Magnetic Fields due to Electric Current
Maharashtra BoardClass12thPhysicsChapter10
NotesPart2
Topics to be Learn : Part2

Magnetic Field due to a Current : BiotSavart Law:
Consider a very short segment of length dl of a wire carrying a current I. The product \(I\vec{dl}\) is called a current element; the direction of the vector \(\vec{dl}\) is along the wire in the direction of the current.
BiotSavart law (Laplace law) : The magnitude of the incremental magnetic induction \(\vec{dB}\) produced by a current element I at a distance r from it is directly proportional to the magnitude Idl of the current element, the sine of the angle between the current element \(I\vec{dl}\) and the unit vector \(\hat{r}\) directed from the current element toward the point in question, and inversely proportional to the square of the distance of the point from the current element; the magnetic induction is directed perpendicular to both \(I\vec{dl}\) and \(\hat{r}\) as per the cross product rule.
dB ∝ \(\frac{Idlsinθ}{r^2}\)
∴ dB = \(\frac{μ_0}{4π}\,\frac{Idlsinθ}{r^2}\) ….(1)
In vector form \(\vec{dB}\) = \((\frac{μ_0}{4π})\frac{I\vec{dl}×\hat{r}}{r^2}\) ….(2)
Where \(\hat{r}=\frac{\vec{r}}{r}\) and the constant μ_{0} is the permeability of free space. Equations (1) and (2) are called BiotSavart law.
The incremental magnetic induction \(\vec{dB}\) is given by the righthanded screw rule of vector crossproduct \(\frac{I\vec{dl}×\hat{r}}{r^2}\) .
In Fig., the current element \(I\vec{dl}\) and \(\hat{r}\) are in the plane of the page, so that \(d\vec{B}\) points out of the page at point P shown by Θ at the point Q, \(\vec{dB}\) points into the page shown by ⊗
The magnetic induction \(\vec{dB}\) at the point due to the entire wire is, by the principle of superposition, the vector sum of the contributions \(d\vec{B}\) from all the current elements making up the wire.
From Eq. (2),
\(\vec{B}\) = \(∫\vec{dB}\) = \(\frac{μ_0}{4π}∫\frac{I\vec{dl}×\hat{r}}{r^2}\)
Current in a straight, long wire:
Expression for the magnetic induction near a straight inﬁnitely long currentcarrying wire :
Suppose a point P is at a distance a from a straight, infinitely long, wire carrying a current I, as shown in below Fig.
The incremental magnetic induction \(\vec{dB}\) at the point P due to a current element, \(I\vec{dl}\) is
\(\vec{dB}\) = \((\frac{μ_0}{4π})\frac{I\vec{dl}×\hat{r}}{r^2}\)….(1)
In magnitude,
dB = \((\frac{μ_0}{4π})\frac{Idlsinθ}{r^2}\) ….(2)
At the point P, \(\vec{dB}\) is directed perpendicular to the plane of the ﬁgure and into of the page as given by the right hand rule for the direction of \(\vec{dl}×\hat{r}\)
At point P, \(\vec{dB}\) has this same direction for all the current elements into which the wire can be divided. Thus, we can ﬁnd the magnitude of the magnetic ﬁeld produced at P by the current elements in the lower half of the inﬁnitely long wire by integrating dB in Eq. (2), from 0 to ∞.
Now consider a current element in the upper half of the wire, one that is as far above P as \(I\vec{dl}\) is below P. By symmetry, the magnetic ﬁeld produced at P by this current element has the same magnitude and direction as that from \(I\vec{dl}\) in Fig. Thus, the magnetic ﬁeld produced by the upper half of the wire is exactly the same as that produced by the lower half. Hence, the magnitude of the total magnetic ﬁeld at P is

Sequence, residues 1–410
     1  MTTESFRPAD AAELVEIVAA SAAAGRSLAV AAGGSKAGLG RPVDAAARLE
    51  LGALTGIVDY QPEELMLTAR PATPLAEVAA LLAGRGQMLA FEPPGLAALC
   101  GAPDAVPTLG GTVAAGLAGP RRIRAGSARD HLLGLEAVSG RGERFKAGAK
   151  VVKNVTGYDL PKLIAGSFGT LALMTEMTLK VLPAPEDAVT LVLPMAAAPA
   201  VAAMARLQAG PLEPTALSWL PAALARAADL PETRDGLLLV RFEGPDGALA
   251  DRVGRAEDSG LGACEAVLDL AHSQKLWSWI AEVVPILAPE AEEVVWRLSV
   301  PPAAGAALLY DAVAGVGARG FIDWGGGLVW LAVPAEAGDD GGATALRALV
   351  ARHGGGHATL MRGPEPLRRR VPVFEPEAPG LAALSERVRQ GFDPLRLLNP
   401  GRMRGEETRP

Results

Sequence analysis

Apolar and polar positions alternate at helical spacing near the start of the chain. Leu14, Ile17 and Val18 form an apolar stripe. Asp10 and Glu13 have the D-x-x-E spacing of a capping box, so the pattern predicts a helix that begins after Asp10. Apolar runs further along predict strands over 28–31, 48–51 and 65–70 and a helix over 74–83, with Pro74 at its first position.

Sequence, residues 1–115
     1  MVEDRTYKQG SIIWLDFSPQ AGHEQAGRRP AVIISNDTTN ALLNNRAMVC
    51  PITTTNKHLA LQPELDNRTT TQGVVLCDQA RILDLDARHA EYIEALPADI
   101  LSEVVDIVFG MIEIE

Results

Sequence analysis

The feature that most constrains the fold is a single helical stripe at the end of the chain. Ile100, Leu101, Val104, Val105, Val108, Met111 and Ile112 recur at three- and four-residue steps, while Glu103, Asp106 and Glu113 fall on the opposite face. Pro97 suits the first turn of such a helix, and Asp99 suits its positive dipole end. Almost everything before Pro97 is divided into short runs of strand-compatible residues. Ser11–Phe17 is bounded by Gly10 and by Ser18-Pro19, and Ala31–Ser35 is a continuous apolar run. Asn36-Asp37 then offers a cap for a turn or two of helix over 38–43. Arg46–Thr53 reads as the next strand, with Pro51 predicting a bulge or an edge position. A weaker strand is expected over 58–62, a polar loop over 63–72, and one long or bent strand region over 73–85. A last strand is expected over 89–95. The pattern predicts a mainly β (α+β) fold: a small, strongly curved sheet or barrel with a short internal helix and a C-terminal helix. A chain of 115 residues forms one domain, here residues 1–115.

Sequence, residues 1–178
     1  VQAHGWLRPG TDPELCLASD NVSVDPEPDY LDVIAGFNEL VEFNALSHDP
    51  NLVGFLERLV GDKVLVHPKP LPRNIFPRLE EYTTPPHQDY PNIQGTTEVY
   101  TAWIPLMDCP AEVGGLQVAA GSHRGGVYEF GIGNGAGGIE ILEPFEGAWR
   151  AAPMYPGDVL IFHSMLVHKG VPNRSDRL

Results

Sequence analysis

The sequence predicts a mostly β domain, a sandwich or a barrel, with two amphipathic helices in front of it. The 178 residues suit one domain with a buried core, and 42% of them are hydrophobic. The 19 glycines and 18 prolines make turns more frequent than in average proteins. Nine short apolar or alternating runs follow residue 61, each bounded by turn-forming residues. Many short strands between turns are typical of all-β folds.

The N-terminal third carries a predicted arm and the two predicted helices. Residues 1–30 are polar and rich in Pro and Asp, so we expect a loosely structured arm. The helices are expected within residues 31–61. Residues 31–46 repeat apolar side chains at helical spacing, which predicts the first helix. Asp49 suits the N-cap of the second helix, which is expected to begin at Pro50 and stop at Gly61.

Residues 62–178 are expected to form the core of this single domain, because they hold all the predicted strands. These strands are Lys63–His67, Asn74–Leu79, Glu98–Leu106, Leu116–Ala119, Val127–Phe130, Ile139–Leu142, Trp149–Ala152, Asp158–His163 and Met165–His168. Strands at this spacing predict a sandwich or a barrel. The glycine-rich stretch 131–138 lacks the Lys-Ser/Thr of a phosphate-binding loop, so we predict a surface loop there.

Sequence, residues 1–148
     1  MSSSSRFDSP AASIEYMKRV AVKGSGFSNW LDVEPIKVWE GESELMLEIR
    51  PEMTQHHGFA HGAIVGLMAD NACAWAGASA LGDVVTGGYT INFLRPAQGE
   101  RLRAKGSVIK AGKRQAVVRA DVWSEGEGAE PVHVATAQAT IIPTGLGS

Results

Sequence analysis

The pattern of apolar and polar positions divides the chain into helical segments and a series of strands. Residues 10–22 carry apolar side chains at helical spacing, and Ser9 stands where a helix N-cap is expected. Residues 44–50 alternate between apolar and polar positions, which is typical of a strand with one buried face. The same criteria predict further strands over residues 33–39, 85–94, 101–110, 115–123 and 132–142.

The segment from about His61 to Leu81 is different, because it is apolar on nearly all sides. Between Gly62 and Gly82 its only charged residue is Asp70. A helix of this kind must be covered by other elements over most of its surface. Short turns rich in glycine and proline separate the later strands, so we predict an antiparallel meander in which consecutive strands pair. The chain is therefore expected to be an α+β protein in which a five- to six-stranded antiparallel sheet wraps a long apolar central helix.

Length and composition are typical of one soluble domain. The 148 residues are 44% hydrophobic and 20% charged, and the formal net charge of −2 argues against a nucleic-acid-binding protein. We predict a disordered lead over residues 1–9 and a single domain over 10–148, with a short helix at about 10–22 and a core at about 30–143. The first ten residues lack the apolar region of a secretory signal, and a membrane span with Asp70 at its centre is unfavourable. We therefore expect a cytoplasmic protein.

B = \(\int_{∞}^{∞}dB\) = \(2\int_{0}^{∞}dB\)
= \(2\frac{μ_0I}{4π}\int_{0}^{∞}\frac{dlsinθ}{r^2}\) …..(3)
From fig r = \(\sqrt{l^2+a^2}\)
∴ sin θ = \(\frac ar \) = \(\frac{a}{\sqrt{l^2+a^2}}\)
∴ B = \(2\frac{μ_0I}{4π}\int_{0}^{∞}\frac{dl}{(l^2+a^2)}\frac{a}{\sqrt{l^2+a^2}}\)
= \(\frac{μ_0aI}{2π}\int_{0}^{∞}\frac{dl}{(l^2+a^2)^{3/2}}\) …..(4)
= \(2\frac{μ_0aI}{4π}×\frac{1}{a^2}[\frac{l}{(l^2+a^2)^{1/2}}]_{i=0}^{i=∞}\)
= \(\frac{μ_0}{4π}\frac{2I}{a}[10]\)=\(\frac{μ_0}{4π}\frac{2I}{a}\) …..(5)
That is, the magnitude B is inversely proportional to the distance from the wire. Because of the axial symmetry about the straight wire, the magnetic induction has the same magnitude B at all points on a circle in a transverse plane and centred on the conductor; the direction of \(\vec{B}\) is everywhere tangential to such a circle. Thus, the magnetic ﬁeld lines around the current in the straight wire is a family of circles centred on the wire.
Expression for the force per unit length between two inﬁnitely long parallel conductors carrying current and hence deﬁne the ampere :
When two currents pass in adjacent parallel straight conductors, we may think of each of the currents as being situated in the magnetic ﬁeld caused by the other current. This results in a force on each conductor.
Consider two inﬁnitely long, straight parallel wires, each of length l a distance s apart in vacuum, as shown in Fig. (a). The magnetic ﬁeld around the wire 1, carrying a current I_{1} has an induction of magnitude
B_{1} = \((\frac{μ_0}{4π})\frac{2I_1}{s}\)
Wire 2, with a current I_{2} in the same direction as I_{1}, is situated in this ﬁeld. The direction of the ﬁeld with induction \(\vec{B_1}\) at the position of wire 2, given by the right hand [grip] rule, is perpendicular to the plane of the two conductors, as shown. Hence, the force \(\vec{F_2}\) on wire 2 has a magnitude.
F_{2} = I_{2 }l B_{1} = \((\frac{μ_0}{4π})\frac{2I_1I_2l}{s}\) …..(1)
and is, by Fleming's left hand rule, towards wire 1. Similarly, the magnetic induction \(\vec{B_2}\) at the position of wire 1 has a magnitude
B_{2} = \((\frac{μ_0}{4π})\frac{2I_2}{s}\)
and is also directed perpendicular to the plane of the wires. Hence, the force on wire 1 has a magnitude
F_{1} = I_{1}lB_{2} = \((\frac{μ_0}{4π})\frac{2I_1I_2l}{s}\) …..(2)